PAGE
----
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by jcannon on November 27, 2007 06:41pm
For those who've been participating on Port 25 since the beginning, you may have noticed two recurring themes. One, Microsoft has a focus on generativity - or the ability for technology to be extensible to others, be they community or commercial developers. Windows, Office - the Live APIs - are all examples of the ability for technology to serve a purpose, and allow others to build new purposes simultaneously. The other is a focus on supporting and growing business partners. Over the past two years, we've talked to great partners like Centrify, BitRock, Quest and Mindtouch. In fact, the latter re-enforces the former.
Today is no different - we're glad to have Mindtouch return with a guest blog from Aaron Fulkerson, Mindtouch Co-Founder, with an update on their .net-based open source, cross-platform wiki solution. Take it away, Aaron.
Since we last talked MindTouch has managed to propel itself into the pole position of our space. Specifically, MindTouch's Deki Wiki is the most popular commercially supported wiki there is. Our rate of adoption outpaces our most well-known competitor by a factor of 30x.Our software is currently being downloaded and installed more than 700 times a day and growing.
Why? How? Well, first of all, we've listened intently to our community of users and it has grown to an active and vibrant group of a couple thousand who have translated our application into 7 languages, filed bug reports, written code patches, and developed application extensions. They've also been very active in steering the product road map. Next, we've developed a compelling platform. The only platform in this space in fact. What I mean by "platform" is two fold. Deki Wiki has the most complete API. Deki Wiki's API has 99 REST-based methods and make it very easy to integrate the wiki or to build new applications, learn more here: http://wiki.opengarden.org/Deki_Wiki/API_Reference. Point two, Deki Wiki has a web-service extension model that makes it the most extensible in this space. Finally, what's really set us apart from any other applications in this space is that MindTouch's Deki Wiki facilitates, even for non-technical users, the ability to create and share of application and content mashups. This will become clear in the demo video.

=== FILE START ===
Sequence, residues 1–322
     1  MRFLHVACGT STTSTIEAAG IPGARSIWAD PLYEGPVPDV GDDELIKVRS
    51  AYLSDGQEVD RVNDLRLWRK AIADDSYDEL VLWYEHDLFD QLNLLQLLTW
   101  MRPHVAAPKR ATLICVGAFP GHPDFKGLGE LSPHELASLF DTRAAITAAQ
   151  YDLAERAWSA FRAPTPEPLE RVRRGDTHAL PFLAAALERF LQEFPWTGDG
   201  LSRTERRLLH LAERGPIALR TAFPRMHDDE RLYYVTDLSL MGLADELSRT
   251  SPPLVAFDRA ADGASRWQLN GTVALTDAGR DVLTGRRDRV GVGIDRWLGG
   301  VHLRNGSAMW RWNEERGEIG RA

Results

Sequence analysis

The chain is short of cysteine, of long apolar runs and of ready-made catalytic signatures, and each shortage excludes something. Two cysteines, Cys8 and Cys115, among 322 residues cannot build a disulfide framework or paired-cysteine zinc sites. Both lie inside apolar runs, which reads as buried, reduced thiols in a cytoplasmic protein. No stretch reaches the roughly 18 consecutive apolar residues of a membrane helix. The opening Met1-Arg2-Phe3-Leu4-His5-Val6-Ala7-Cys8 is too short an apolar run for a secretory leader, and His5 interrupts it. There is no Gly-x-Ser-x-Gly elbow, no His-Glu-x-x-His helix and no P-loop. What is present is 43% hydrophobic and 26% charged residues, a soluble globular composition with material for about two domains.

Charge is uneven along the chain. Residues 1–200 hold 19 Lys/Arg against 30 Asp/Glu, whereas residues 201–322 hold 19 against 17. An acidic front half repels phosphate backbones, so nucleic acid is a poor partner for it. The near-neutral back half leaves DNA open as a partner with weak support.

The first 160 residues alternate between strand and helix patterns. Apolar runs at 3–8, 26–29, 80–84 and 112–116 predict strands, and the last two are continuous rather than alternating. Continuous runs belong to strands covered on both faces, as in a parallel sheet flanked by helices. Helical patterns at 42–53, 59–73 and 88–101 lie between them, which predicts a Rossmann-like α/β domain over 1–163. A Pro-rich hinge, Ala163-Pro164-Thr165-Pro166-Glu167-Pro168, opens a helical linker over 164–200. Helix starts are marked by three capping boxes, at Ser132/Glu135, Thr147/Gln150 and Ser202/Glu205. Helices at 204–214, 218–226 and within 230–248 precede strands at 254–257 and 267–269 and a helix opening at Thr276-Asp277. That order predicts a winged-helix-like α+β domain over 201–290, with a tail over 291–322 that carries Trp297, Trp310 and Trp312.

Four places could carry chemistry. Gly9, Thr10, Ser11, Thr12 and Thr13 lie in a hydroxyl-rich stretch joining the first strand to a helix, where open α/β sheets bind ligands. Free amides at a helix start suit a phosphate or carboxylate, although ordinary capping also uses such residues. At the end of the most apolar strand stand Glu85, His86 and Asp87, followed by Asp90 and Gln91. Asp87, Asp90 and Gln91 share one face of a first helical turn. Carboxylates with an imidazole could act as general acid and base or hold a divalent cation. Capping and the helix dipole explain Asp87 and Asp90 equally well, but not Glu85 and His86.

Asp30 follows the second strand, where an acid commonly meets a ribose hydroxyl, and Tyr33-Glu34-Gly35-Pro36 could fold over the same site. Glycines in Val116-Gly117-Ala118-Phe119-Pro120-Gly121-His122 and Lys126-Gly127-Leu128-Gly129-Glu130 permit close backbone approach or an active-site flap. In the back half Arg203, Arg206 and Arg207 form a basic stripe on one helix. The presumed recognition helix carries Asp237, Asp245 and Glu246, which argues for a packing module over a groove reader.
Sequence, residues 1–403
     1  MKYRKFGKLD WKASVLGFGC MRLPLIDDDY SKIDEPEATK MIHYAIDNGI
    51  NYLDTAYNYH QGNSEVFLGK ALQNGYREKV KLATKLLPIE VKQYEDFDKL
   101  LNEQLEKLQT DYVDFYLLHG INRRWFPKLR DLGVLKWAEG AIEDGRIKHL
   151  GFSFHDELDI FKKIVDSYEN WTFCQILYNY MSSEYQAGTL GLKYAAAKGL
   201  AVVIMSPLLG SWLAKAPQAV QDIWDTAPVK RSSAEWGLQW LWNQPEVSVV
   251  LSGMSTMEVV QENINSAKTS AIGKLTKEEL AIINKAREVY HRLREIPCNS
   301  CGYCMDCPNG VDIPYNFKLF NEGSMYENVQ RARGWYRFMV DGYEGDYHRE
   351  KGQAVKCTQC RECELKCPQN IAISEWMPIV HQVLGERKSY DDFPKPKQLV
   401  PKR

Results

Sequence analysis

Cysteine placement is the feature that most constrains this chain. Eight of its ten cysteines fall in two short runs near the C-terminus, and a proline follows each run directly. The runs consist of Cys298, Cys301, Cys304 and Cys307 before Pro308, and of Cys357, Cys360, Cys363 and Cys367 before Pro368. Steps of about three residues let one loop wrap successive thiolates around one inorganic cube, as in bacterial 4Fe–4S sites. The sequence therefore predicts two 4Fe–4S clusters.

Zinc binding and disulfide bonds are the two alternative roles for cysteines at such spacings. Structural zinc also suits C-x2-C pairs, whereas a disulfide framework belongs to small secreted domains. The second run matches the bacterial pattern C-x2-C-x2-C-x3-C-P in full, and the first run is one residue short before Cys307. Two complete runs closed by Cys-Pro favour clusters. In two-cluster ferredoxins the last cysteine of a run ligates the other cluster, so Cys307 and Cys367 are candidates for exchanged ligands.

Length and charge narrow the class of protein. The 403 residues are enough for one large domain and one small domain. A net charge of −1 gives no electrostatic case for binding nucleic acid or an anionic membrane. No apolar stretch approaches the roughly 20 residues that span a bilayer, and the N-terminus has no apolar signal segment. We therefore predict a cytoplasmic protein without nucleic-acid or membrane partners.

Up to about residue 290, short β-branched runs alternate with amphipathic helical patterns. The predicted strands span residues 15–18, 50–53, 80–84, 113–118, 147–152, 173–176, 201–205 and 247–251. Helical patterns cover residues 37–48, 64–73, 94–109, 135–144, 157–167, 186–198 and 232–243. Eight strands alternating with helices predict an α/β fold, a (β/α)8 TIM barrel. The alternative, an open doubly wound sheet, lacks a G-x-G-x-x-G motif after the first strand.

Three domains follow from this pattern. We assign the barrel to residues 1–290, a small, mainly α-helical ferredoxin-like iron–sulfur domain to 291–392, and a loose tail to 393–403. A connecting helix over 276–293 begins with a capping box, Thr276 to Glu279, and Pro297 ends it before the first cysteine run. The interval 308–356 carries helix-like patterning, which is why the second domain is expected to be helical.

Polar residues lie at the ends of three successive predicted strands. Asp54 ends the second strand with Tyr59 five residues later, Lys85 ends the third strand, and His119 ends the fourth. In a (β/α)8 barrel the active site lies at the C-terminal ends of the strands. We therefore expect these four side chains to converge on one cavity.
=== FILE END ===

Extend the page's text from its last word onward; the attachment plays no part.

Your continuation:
I should mention Deki Wiki is developed in C# on .NET and it is compatible with Mono. Extending it is language agnostic and it's platform independent thanks to the good folks working on Mono at Novell. Watch the demo video, I'm certain you'll be impressed with the power, usefulness, and uniqueness of what MindTouch is building. Then go download and install. It's free, open source, and thanks to the VMware certified image it can be installed in just over 5 minutes.
Thanks for having us Jamie and Port 25.
by jcannon on November 08, 2007 03:14pm
Our own Hank Janssen gives the Channel9 team an update on the work that has been done to provide a native driver to SQL Server for PHP.
"SQL Team Says: "The SQL Server Driver for PHP (October 2007) Community Technology Preview (CTP) is designed to enable reliable, scalable integration with SQL Server for PHP applications deployed on the Windows platform. The Driver for PHP is a PHP 5 extension that allows the reading and writing of SQL Server data from within PHP scripts. It provides a procedural interface for accessing data in all Editions of SQL Server 2005 and SQL Server 2000 (including Express Edition), and makes use of PHP features, including PHP streams to read and write large objects."
Wow. This is cool. Need to find out more about this. What exactly is this thing? Why did we create it? What are the platform requirments? Is it open source? Who are the folks behind this? You know the C9 drill. Tune in and meet SQLPHP Program Manager John Bocharov and Microsoft Open Source champion Hank Janssen who answer a bunch of questions and provide good context about the thinking behind SQLPHP, history and future. Check it out.